WASHINGTON — Eighteen Republican state attorneys general sent a letter to the Consumer Financial Protection Bureau last week pushing back against the agency's proposal to rein in high-cost small-dollar loans.

"As chief state legal officers, we are concerned that the proposed rule, if adopted, would irreconcilably conflict with, constrict, and otherwise unnecessarily interfere with existing state consumer protection laws, lending standards, and other state laws," said the letter, which was sent to the CFPB on Oct. 7.

The CFPB received roughly a million letters on the proposal, which would require lenders to assess a consumer's ability to repay a short-term loan unless it meets certain other criteria. But the state AGs argued the plan would supplant state restrictions.

"The proposed rule would impose a one-size-fits-all federal lending standard that will preempt existing state laws, inhibit existing state regulatory enforcement practices, and leave states with very little leeway to experiment with different regulatory approaches to find the most efficient local balance between ensuring access to credit and protecting consumers," the state AGs said.

Additionally, they warned the CFPB's legal woes could factor into the bureau's ability to regulate the industry. On Tuesday, the U.S. Court of Appeals for the District of Columbia Circuit ruled that the bureau's single-director structure is unconstitutional.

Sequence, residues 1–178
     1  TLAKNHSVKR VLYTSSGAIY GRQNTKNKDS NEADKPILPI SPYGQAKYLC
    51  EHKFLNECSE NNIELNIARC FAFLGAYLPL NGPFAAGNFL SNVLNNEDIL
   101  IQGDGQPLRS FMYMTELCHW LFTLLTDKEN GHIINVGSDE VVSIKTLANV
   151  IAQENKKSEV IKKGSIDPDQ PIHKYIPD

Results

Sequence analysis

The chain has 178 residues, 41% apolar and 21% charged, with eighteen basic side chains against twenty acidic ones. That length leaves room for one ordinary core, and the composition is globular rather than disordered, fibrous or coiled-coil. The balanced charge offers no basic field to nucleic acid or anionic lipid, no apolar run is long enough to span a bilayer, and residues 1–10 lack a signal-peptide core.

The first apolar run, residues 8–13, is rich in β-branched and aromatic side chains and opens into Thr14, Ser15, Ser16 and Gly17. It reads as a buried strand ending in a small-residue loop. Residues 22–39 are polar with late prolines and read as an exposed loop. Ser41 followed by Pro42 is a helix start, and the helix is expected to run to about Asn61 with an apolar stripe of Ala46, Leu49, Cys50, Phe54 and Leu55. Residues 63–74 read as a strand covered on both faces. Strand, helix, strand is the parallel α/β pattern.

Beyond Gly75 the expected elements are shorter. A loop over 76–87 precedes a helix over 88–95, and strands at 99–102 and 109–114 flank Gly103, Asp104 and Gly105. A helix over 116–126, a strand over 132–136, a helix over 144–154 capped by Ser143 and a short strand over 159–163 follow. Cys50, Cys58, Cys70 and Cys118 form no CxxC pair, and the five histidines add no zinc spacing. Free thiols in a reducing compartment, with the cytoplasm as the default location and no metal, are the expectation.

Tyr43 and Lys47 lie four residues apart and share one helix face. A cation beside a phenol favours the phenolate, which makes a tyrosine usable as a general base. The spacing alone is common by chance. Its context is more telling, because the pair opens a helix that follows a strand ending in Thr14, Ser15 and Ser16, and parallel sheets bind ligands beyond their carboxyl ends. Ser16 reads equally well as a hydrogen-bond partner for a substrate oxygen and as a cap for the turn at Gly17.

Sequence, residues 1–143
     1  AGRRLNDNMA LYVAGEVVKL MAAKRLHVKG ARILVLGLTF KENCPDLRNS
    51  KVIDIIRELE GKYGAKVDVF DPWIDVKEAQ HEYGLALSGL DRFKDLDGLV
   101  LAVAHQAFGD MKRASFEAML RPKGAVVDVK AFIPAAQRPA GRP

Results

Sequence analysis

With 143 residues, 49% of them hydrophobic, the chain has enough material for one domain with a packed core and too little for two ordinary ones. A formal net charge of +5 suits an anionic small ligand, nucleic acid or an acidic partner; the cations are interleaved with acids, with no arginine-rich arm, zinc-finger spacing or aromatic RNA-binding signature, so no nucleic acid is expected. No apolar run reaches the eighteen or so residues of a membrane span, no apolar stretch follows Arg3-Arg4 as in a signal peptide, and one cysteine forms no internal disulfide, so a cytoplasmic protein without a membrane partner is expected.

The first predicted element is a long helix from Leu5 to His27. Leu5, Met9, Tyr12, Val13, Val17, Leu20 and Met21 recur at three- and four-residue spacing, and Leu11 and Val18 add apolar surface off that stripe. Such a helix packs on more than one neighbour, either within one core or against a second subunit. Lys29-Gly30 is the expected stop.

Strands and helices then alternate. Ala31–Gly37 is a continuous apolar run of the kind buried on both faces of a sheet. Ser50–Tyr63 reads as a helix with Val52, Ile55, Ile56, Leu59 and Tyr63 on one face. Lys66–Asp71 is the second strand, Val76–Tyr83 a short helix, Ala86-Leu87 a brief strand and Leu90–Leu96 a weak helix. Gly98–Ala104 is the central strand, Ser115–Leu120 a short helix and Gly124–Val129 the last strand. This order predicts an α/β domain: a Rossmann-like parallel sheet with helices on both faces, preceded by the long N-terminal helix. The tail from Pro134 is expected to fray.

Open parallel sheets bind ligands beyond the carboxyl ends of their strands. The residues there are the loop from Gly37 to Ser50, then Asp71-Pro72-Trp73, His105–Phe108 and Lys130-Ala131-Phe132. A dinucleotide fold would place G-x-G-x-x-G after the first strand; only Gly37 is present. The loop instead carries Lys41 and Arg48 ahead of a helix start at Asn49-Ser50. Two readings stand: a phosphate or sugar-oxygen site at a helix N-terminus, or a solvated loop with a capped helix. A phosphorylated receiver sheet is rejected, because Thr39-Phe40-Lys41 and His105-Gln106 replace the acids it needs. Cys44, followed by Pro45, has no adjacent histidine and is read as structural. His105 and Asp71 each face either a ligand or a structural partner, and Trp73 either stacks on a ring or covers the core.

Rather than disbanding the agency, the court determined that the CFPB director must serve at the pleasure of the president, making it easier for the president to remove the director.

"We are also profoundly concerned about the constitutional propriety of a rule that would restructure a substantial portion of the financial services sector being imposed by an agency headed by a single — politically unaccountable — individual," the letter said. "Such a decision would render the proposed rule — and any action tied to it — invalid."

The letter was rebutted by eight Democratic attorneys general, who also sent a letter to the CFPB.

"The states commend the bureau for exercising its rulemaking authority in an area that has such a widespread impact on the lives of millions of financially vulnerable consumers across the nation," said the letter from the Democratic AGs.

However, they expressed jurisdictional concerns and said the CFPB plan could water down tougher state laws if they were preempted.

The preamble of the CFPB's proposal says that the proposal would create "a floor across the country," allowing states to impose stricter standards if they see fit, but the Democratic AGs said the language should be included in the final rule and not just the preamble.

"While our states support the bureau's efforts to adopt a set of rules that protect consumers from high-cost loans by attempting to ensure that loans are affordable, we are concerned that the Bureau's Proposed Rules, including the proposed exemptions from the ability-to-repay requirement, are weaker than our state laws and might encourage future efforts to eliminate stringent state usury caps," said the Democratic AGs.

The Republican AGs signing the letter opposing the proposal represent Arkansas, South Carolina, Alabama, Florida, Georgia, Indiana, Kansas, Louisiana, Nebraska, Nevada, North Dakota, Oklahoma, South Dakota, Tennessee, Texas, Utah, West Virginia and Wisconsin.

The Democratic AGs supporting the plan represent New York, Connecticut, the District of Columbia, Maryland, Massachusetts, New Hampshire, Pennsylvania and Vermont.

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